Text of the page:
I have 1999 Ford f350 7.3 diesel crew cab dully that I pull a enclosed trailer that can haul two Ts. It goes down the road in over drive at 65 real nice. It just has 101k and runs great.
Norman I think it was a issue with Uhaul renting him the trailer.
The only issue I see sometimes with 2 wheel drive diesel , both dodge and ford is the engine is so heavy in the front the truck will get stuck on wet grass.
I help work on a 93 with a non turbo 7.3. It is weak now but gosh it has 300,000 miles on it.
Injectors pump is worn.
And the past, oh 9 years since I have been retired,I have helped put at least 2 sets of injector seals on that truck.Why they go out I dont know. Could be lousy low sulfer diesel fuel?
If it is cold where you live,this is something to consider. It cost my buddy roughly 35 dollars a month in the winter to keep the block heater on for that engine to start in the winter.
Rather it is issue with truck or whatever,that is expensive.
Just remember a oil change is exspensive and requires fuel filters to.I think every time he changes oil it eats up 85 dollars or with in that range.
The new diesels,expect to pay alot for repairs and the stoves in the exhaust can catch a feild on fire when they decide to self clean!
the ford diesels are very popular, make a lot of power, and nice trucks until something breaks. extremely high cost for any motor failure, and they do fail. look under the hood once, and i'd run the other way. fender to fender full of things you cant identify, or get at to fix even if you knew how. many motor repairs involve removing the cab to get access to the part. injectors are 450 apiece, x 8. the newer cummins are not much better, i like the old ones. very simple, looks like a motor under the hood, injectors are 450 for a set of 6. perhaps not as much power, but who cares. you pay for that power in fuel mileage.
The 7.3 Powerstroke is an incredible engine. It will serve you well. When they changed to the 6.0, the troubles began. Cabs have to come off for major engine work. Some will tell you that there are modifications to make the 6.0 reliable, but I would not recommend it.
The 7.3 Ford is very reliable. Go for it. Just about bullet proof. Just got rid of my 6.0 (started to have problems) and waiting for the 6.7 I've ordered to come in. If there was a good 7.3 in the area I would have gone with one.
My F250 gets around 20 mpg and will pull a trailer with a car-- my Dodge dually 3500 gets 18-21mpg, and will pull anything! Diesels are the only way to go--fuel mileage is good when you use them and, you can let it sit 6 months and start it right up without having to drain the tank and rebuild everything.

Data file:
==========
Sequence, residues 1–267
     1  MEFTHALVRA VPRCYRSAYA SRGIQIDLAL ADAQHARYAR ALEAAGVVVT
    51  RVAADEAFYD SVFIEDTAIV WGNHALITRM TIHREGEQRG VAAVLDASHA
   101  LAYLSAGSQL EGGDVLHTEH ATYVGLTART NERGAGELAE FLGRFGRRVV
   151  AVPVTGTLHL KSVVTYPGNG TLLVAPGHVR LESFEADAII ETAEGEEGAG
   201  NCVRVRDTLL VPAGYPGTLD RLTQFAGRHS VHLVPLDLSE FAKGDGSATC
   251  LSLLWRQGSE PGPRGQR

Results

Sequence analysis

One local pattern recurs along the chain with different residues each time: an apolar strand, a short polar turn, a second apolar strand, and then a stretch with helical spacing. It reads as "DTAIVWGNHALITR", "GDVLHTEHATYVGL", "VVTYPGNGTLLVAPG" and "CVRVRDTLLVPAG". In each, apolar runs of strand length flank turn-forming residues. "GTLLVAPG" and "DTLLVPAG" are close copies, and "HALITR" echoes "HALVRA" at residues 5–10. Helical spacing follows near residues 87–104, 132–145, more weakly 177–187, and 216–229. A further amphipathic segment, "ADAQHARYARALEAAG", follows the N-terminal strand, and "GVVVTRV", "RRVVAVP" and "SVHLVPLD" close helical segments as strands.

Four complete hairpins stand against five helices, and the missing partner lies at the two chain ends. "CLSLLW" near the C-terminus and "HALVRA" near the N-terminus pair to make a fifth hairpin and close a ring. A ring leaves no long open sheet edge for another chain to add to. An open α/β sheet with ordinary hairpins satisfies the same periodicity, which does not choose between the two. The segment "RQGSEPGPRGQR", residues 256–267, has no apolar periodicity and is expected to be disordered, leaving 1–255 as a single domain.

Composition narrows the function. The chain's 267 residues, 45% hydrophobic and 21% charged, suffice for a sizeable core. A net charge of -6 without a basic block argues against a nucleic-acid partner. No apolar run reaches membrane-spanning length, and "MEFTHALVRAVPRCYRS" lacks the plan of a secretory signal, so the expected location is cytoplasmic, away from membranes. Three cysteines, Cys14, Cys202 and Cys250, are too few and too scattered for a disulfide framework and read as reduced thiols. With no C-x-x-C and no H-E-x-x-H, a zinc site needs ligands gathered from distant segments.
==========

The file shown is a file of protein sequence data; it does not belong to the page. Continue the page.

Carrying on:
David I have a 2000 F350 6 speed manual w/7.3 diesel. It does a spectacular job pulling my 16 foot enclosed trailer with a T inside. The trailer is tall enough for my centerdoor and an open car can be driven in with the top up. I used to use my F 150 5 speed manual 302 V8. There is no comparison. The F150 was really working hard. The F350 hardly knows it is back there
my friend geo gaggle ran his 7.3 480,000.then it woun't go no more!!!!.charley
I traded my 210,000 mile 2000 F250 4 wheel drive 7.3 diesel in on a 2013 F150 5 litre gas.
the 7.3 engine is still in demand and I got a good trade in. The 2000 got 15 MPG most of the time and the F250 gets 21 most of the time and rides and drives like a nice car.
I'll have to admit, either of my Ford diesels (6.9 or 7.3) would pull anything that I could load on my trailer, including a large heavy forklift, and I couldn't tell much difference in fuel mileage, but both were non-turbocharged engines and when I got in high elevation mountains, it was like someone closed off the air intake to the size of a dime.
I don't understand how some owners can get respectable mileage from their 6.9 or 7.3's and I could get anything to brag about from either of mine. I don't have a "lead foot". On the contrary, I babied them, driving under the speed limit and getting the single finger salute from other drivers, many times. I make no apologizes, I will never own another Ford diesel unless the salesman lets me hook up my trailer; load the forklift on it and let me drive to Colorado and back, or as an option get a Colorado dealer to let me test drive his truck with my trailer, loaded.
7.3 diesel will more than do it, I have a 6.0 Powerstroke now and had to go that route, my F-150 with a 5.4 triton had problems pulling one single car down the road, of course it was not a Model T:?) it was a 50's Mercury, heavy heavy car:?) the 7.3 is in my opinion the best diesel ford has had.
I meant to type that "I couldn't get anything to brag about from either of them"